August 26, 2010
When Yocha Dehe Wintun Nation set out to build its fire department, the Tribe’s leaders were determined to build the best department possible to serve the needs of their community and their neighbors. Last week in Chicago, the Yocha Dehe Fire Department reached a historic step in attaining that goal: it became the first Native American fire department to earn accreditation by the Commission on Fire Accreditation International (CFAI).
“We are very proud of the Yocha Dehe Fire Department and honored to be the first Native American government to accomplish this goal,” said Tribal Chairman Marshall McKay. “Achieving accreditation is a critical step in the advancement of tribes, proving that we can, as nations, attain the high standards required by CFAI.”
“When we set out to build the Fire Department, we set the highest standards,” noted Paula Lorenzo Tackett, Tribal Chairperson when the department was created. “That was our commitment to our Tribe, and also to our neighbors here in the Capay Valley and throughout the region. To finally reach that standard is a proud achievement for our Fire Department, our Nation and our entire community.”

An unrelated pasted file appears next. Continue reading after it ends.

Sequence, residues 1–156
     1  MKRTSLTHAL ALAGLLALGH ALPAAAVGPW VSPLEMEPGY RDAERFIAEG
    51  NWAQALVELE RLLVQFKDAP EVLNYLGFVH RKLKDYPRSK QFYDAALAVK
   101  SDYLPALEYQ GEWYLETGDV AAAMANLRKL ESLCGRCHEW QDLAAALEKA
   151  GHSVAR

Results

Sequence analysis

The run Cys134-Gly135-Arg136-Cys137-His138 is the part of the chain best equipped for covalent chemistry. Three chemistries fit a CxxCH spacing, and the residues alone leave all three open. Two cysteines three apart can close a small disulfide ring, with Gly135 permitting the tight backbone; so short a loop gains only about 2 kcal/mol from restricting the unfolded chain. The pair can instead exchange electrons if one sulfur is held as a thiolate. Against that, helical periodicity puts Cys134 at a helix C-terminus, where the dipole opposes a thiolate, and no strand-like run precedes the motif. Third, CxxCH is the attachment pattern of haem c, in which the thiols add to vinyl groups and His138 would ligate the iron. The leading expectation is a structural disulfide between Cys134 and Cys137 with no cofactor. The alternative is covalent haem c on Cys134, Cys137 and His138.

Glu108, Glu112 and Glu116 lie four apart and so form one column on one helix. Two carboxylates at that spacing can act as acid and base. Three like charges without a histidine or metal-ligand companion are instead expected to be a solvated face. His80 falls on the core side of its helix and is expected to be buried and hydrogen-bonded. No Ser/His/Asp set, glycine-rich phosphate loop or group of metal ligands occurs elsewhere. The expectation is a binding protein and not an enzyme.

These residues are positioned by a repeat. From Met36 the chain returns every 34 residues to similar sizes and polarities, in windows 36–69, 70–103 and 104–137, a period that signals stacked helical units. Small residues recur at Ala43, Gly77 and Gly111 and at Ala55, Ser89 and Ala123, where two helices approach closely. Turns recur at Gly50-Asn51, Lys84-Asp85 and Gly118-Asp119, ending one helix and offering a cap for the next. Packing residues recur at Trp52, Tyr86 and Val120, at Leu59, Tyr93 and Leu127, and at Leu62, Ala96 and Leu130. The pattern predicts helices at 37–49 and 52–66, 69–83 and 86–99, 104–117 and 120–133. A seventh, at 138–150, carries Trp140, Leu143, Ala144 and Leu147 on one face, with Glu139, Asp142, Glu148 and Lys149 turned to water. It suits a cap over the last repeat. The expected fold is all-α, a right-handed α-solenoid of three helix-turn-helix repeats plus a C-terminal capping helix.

“We were determined to build our Fire Department to complement services provided by the other departments in our region with whom we proudly work,” added James Kinter, Tribal Council Member and Yocha Dehe Fire Commission Chairman. “This accomplishment underscores Yocha Dehe’s commitment to provide the finest emergency services for our community and neighbors.”
The accreditation is the result of six years of rigorous development, self-assessment and peer evaluation of YDFD’s administration, training, operational skills, documentation, equipment and facilities. CFAI is recognized internationally as the model for critical assessment of fire and emergency services. Only 147 of the estimated 33,000 career and volunteer fire departments in the U.S. are CFAI accredited.
“Providing regional emergency services is a team effort and our strong partnerships with other great departments helped us achieve accreditation,” said YDFD Chief Michael Chandler. “We want to congratulate the Roseville Fire Department for achieving CFAI reaccreditation this year and commend other regional departments for pursuing accreditation under CFAI’s tough standards.”
“CFAI accreditation has international credibility because its standards are the leading edge in fire protection,” said Bill Weisgerber, Interim Fire Chief of the City of Davis. “Having Yocha Dehe, a partner department, gain this important accreditation helps establish a benchmark and set the stage for our entire region to analyze and prepare for the proper levels of service necessary as the dynamics of our communities change.”
YDFD plays a vital role in emergency response and life safety throughout the Capay Valley and Yolo County by providing full-service fire protection, technical rescue, wilderness search and rescue, fire prevention, emergency preparedness, and paramedic services.